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John Flannery, Kenneth Greenberg, Kate Kolstad; Light. Journal of Vision 2007;7(15):48. doi: 10.1167/7.15.48.
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© ARVO (1962-2015); The Authors (2016-present)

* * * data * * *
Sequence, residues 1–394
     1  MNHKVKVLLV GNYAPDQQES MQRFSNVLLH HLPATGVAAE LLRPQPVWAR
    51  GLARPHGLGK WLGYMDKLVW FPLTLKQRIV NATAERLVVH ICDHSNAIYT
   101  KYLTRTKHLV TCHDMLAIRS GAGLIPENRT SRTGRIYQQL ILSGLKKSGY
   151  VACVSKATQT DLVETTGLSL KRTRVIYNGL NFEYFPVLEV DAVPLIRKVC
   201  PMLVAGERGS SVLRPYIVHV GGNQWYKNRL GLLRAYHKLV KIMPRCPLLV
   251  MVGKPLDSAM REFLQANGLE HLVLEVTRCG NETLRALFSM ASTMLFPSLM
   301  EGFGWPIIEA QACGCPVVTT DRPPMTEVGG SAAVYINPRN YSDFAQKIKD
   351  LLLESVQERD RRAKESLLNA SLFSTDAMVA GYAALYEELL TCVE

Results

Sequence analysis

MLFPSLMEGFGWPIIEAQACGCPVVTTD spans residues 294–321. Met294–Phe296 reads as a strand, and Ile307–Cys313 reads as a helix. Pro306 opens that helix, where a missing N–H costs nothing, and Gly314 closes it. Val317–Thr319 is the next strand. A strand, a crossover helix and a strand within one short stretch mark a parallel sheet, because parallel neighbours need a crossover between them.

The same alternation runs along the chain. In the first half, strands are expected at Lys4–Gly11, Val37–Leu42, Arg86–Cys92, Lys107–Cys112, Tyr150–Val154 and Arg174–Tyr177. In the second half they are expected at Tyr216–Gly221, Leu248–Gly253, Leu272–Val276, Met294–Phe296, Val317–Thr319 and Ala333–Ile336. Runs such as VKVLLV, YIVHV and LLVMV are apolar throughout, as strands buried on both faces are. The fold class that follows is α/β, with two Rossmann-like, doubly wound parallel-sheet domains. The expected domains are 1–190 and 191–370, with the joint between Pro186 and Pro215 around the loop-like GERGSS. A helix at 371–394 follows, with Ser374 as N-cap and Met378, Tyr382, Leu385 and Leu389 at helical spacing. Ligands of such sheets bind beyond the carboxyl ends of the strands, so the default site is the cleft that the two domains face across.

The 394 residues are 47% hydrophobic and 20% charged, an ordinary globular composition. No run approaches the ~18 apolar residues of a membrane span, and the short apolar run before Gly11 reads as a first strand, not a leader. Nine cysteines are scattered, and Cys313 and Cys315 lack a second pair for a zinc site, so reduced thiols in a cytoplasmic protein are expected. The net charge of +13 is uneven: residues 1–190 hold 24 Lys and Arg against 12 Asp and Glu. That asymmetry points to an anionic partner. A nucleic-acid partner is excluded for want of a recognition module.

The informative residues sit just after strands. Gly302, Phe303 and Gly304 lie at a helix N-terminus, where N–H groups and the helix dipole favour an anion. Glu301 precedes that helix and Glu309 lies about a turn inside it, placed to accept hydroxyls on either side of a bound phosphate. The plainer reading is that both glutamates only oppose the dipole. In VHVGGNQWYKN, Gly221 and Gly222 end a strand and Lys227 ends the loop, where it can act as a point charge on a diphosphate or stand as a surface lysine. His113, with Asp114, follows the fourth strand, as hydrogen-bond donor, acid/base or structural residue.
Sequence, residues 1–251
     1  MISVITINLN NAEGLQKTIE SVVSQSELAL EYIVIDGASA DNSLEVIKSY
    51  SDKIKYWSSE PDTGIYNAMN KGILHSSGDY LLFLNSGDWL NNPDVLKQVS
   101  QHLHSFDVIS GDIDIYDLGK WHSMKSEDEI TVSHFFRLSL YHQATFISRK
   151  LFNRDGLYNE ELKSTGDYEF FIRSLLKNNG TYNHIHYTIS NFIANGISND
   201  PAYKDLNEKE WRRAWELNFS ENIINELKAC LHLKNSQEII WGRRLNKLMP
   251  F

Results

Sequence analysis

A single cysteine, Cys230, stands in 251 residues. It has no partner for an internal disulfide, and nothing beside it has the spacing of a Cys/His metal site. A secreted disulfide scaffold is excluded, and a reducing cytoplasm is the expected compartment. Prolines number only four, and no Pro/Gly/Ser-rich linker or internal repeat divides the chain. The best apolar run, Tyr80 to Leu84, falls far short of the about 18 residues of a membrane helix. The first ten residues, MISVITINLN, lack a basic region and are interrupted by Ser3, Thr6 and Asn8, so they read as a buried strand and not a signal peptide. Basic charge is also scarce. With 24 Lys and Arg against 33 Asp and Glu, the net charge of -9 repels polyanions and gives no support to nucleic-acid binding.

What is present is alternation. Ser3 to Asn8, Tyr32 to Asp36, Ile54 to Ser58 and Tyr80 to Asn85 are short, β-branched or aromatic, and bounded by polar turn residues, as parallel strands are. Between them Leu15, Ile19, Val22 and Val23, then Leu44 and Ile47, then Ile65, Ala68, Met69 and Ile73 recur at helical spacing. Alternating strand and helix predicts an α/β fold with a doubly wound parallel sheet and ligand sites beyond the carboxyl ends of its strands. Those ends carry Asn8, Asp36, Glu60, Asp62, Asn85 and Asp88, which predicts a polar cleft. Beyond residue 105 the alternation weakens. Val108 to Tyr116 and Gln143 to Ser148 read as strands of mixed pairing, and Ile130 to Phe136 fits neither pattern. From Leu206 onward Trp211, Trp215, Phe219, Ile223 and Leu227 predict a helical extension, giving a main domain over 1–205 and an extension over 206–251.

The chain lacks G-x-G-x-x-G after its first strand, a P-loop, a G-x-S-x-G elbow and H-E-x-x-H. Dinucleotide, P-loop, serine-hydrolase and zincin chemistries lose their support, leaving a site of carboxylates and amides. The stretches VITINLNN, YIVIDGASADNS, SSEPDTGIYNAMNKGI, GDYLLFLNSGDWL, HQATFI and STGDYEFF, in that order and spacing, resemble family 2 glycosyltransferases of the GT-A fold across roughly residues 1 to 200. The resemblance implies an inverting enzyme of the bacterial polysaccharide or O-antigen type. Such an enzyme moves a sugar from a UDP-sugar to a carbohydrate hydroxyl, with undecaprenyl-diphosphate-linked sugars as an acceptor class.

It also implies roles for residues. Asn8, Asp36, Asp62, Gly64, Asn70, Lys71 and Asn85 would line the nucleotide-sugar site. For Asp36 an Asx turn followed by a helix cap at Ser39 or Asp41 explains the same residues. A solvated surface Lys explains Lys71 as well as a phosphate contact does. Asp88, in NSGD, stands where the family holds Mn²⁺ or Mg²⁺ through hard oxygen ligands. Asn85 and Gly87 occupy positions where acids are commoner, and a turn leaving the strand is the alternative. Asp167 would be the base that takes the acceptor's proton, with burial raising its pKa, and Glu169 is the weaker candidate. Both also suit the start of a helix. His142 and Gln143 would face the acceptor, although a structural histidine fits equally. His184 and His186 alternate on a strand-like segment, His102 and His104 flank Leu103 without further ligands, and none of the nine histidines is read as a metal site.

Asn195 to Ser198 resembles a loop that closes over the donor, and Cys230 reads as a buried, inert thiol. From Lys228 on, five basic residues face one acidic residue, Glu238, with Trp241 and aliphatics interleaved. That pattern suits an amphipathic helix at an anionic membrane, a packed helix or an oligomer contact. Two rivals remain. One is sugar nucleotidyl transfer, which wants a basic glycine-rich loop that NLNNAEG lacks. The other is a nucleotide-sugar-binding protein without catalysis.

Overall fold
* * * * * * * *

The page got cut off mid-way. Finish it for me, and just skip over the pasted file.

A major challenge for biomedicine is to develop new ways of determining how proteins operate in complexes in cells. This requires molecularly focused methods for dynamic interrogation and manipulation. An attractive approach is to use light as both the input and output to probe molecular machines in cells. While there has been significant progress in optical detection of protein function, little advance has been made in control. The UC Berkeley Nanomedicine Development Center (NDC) for the Optical Control of Biological Function is developing methods for rapidly turning select proteins in cells on and off with light. The strategies are broadly applicable across protein classes. We have both biological and disease- related targets for these methods. Initially, we are concentrating upon three central signaling systems: ion channels, G-protein coupled receptors and kinases and phosphatases. These represent some of the largest protein families, together comprising about 7% of the human genome. The proteins are implicated as causes and drug targets in major human diseases. By enabling rapid, reversible and local switching these tools should make it possible to overcome two major problems in standard drug delivery: a) side effects due to systemic delivery, or systemic leak of locally delivered drugs, and b) long delays between delivery and action, and difficulty to terminate action. Our plan is to generate toolkits of light-gated signaling proteins and of light-gated peptides that selectively modify protein function. We are using structure-based design to chemically synthesize two classes of nanoscale photoswitches: 1) ligand photoswitches - that attach to native and engineered target proteins, and remote control their function (with both activating and blocking ligands); 2) light-gated peptides - which bind to target proteins (at interaction domains or substrates binding sites) in a light-dependent manner, interfering with function only in the bound state. A critical challenge is to transfer our methods from basic research in cell biology to therapeutics. We will focus on animal models of human disease, including using light-gated channels to restore vision to retina that have lost photoreceptor cells, treatment of retinal disease due to angiogenesis, and prevention of cardiac damage due to ischemia. We have three technology platforms: toolkits of photoswitches and methods for their site-directed integration into proteins vectors for delivery of photoswitchable proteins into cells in vitro and in vivo light delivery systems that make it possible to address these nanodevices in vivo We are addressing 3 engineering and clinical challenges: Devise a general strategy for optical control over the functional state of individual proteins and the signaling interactions of pairs or groups of proteins, Gain optical control over signaling and enzymatic activity within cells in vitro Adapt these approaches to treat retinal and cardiac pathologies in vivo.
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